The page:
This month, The California Consumer Privacy Act (CCPA) took effect in California. The CCPA is a comprehensive law that aims to enhance privacy rights and increase consumer protections for residents of the Golden State; it is the first data privacy law of its kind in the U.S. Enactment of the CCPA follows the implementation of similar data privacy legislation in the European Union titled the General Data Protection Regulation (GDPR), which went into effect in 2018.
In recent years, there have been efforts on the state and federal level to enact legislation to better protect and secure American’s data, but measures in the U.S. often fell short. After passage of the CCPA in California, there was a push in other states to follow California’s lead and pass similar legislation. The National Conference of State Legislators (NCSL) reports that in the beginning of 2019 there was an increase in the number of data privacy bills introduced in the states. States are expected to pick up their efforts again this year in 2020.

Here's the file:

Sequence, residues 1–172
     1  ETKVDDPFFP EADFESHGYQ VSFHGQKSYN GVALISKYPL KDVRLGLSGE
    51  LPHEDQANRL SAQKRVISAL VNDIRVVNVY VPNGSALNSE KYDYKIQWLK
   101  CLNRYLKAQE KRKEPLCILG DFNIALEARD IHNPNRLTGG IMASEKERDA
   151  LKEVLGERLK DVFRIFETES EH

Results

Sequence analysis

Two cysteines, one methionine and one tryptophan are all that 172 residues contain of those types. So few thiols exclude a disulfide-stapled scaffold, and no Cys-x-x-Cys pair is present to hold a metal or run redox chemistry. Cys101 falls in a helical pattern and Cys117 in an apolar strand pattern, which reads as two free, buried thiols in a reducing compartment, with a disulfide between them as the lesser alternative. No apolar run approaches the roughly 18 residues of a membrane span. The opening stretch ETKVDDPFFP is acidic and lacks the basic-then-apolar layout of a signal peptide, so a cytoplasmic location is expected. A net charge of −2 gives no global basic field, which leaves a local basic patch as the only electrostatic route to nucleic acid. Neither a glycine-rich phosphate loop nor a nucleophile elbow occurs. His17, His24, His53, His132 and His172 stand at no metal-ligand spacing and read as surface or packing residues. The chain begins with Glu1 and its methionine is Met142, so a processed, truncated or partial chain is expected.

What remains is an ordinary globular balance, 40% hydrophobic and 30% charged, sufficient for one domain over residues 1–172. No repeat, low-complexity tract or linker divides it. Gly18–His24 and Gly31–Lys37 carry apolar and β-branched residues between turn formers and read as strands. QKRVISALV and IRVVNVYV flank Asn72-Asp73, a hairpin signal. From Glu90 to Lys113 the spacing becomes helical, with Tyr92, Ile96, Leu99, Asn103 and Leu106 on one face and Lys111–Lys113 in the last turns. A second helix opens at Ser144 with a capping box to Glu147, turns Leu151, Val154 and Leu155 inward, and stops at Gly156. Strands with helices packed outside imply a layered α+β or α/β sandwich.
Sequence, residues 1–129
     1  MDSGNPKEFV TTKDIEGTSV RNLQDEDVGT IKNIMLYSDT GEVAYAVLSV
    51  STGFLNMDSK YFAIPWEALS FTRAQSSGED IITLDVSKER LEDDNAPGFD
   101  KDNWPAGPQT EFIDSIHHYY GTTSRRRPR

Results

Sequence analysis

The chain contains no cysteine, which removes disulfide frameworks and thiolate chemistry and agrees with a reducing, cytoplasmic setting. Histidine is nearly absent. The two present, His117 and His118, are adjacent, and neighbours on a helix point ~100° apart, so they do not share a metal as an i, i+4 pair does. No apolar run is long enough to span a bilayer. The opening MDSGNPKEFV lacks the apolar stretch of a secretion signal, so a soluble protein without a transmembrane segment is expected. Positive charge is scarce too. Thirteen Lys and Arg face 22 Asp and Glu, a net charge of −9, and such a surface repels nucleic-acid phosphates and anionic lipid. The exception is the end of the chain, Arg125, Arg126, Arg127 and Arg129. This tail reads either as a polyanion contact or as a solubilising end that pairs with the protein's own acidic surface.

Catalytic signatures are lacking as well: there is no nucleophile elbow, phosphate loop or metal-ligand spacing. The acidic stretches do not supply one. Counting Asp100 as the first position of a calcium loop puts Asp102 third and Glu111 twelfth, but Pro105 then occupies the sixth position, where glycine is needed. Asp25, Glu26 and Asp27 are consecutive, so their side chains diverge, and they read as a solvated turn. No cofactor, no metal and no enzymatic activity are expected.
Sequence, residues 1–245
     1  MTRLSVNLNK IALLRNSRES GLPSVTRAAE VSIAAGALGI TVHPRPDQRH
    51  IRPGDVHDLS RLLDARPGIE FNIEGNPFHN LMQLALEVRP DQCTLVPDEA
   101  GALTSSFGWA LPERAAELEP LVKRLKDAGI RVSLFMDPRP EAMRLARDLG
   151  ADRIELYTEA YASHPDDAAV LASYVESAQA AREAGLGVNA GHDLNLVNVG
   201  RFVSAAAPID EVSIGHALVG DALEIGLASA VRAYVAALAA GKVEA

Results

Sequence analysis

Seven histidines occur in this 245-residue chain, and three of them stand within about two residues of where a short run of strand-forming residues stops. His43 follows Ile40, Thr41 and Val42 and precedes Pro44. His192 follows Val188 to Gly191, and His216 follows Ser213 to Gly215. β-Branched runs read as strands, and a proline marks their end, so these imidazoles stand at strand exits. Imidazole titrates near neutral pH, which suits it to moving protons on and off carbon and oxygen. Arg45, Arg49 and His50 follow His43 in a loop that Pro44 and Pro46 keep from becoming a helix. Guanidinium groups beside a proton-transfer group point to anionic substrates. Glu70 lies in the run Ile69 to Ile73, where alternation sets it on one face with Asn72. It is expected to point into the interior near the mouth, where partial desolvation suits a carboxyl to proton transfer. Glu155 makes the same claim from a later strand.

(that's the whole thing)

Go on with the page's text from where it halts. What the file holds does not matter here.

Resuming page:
As states continue working to pass their own data privacy laws, there’s growing support for action on this issue in Congress. Federal legislation would establish one standard to protect all Americans uniformly. A federal law would also help businesses who operate in various states comply with one standard, instead of having to comply with several different standards. Legislative action on this issue has stalled in Congress previously because of differing views among Members of Congress.
An effort to introduce a bipartisan comprehensive data privacy bill is currently being led in the House Energy and Commerce Committee by two committee members, Reps. Cathy McMorris-Rodgers (R-WA) and Jan Schakowsky (D-IL). The Committee has expressed their interest in advancing a bipartisan bill for the House’s consideration and draft legislation is currently being circulated among industry groups and other stakeholders.
Research shows that American consumers are concerned over data privacy and the protection of their personal information as data collection practices go unregulated. With growing bipartisan support for data privacy protections, and state and federal lawmakers looking to move forward on legislation, data privacy is an issue that will continue to be watched closely this year.
–Gloria Story Dittus, Chairman, Story Partners